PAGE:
Automata Cascades: Expressivity and Sample Complexity


  • Alessandro Ronca Sapienza University of Rome
  • Nadezda Alexandrovna Knorozova RelationalAI University of Zurich
  • Giuseppe De Giacomo University of Oxford Sapienza University of Rome



ML: Learning Theory, KRR: Computational Complexity of Reasoning, KRR: Geometric, Spatial, and Temporal Reasoning, ML: Classification and Regression, ML: Reinforcement Learning Theory, ML: Time-Series/Data Streams


Every automaton can be decomposed into a cascade of basic prime automata. This is the Prime Decomposition Theorem by Krohn and Rhodes. Guided by this theory, we propose automata cascades as a structured, modular, way to describe automata as complex systems made of many components, each implementing a specific functionality. Any automaton can serve as a component; using specific components allows for a fine-grained control of the expressivity of the resulting class of automata; using prime automata as components implies specific expressivity guarantees. Moreover, specifying automata as cascades allows for describing the sample complexity of automata in terms of their components. We show that the sample complexity is linear in the number of components and the maximum complexity of a single component, modulo logarithmic factors. This opens to the possibility of learning automata representing large dynamical systems consisting of many parts interacting with each other. It is in sharp contrast with the established understanding of the sample complexity of automata, described in terms of the overall number of states and input letters, which implies that it is only possible to learn automata where the number of states is linear in the amount of data available. Instead our results show that one can learn automata with a number of states that is exponential in the amount of data available.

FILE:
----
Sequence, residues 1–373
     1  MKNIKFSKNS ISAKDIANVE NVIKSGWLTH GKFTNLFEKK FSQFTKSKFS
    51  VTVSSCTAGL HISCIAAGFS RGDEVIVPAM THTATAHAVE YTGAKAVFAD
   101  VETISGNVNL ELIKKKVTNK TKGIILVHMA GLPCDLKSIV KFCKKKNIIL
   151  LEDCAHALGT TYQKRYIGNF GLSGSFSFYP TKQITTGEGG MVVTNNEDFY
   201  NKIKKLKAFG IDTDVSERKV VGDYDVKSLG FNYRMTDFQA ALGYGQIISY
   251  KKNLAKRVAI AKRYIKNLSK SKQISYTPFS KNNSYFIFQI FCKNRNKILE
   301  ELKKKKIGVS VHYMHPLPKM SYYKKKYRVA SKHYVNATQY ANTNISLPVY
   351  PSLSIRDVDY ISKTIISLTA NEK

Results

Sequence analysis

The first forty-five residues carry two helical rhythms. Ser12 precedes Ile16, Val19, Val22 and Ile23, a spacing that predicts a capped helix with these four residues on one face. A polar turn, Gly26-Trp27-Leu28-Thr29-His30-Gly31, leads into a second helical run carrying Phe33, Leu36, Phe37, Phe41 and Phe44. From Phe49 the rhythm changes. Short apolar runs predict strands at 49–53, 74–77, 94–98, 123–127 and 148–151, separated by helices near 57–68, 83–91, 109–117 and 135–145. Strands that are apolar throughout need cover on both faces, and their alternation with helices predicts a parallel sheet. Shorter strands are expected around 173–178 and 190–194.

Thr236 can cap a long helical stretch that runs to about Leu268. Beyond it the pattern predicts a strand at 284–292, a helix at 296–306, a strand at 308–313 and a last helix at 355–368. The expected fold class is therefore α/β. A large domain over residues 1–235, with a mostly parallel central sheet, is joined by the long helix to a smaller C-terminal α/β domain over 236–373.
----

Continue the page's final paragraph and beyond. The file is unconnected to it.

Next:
How to Cite

Ronca, A., Knorozova, N. A., & De Giacomo, G. (2023). Automata Cascades: Expressivity and Sample Complexity. Proceedings of the AAAI Conference on Artificial Intelligence, 37(8), 9588-9595.



AAAI Technical Track on Machine Learning III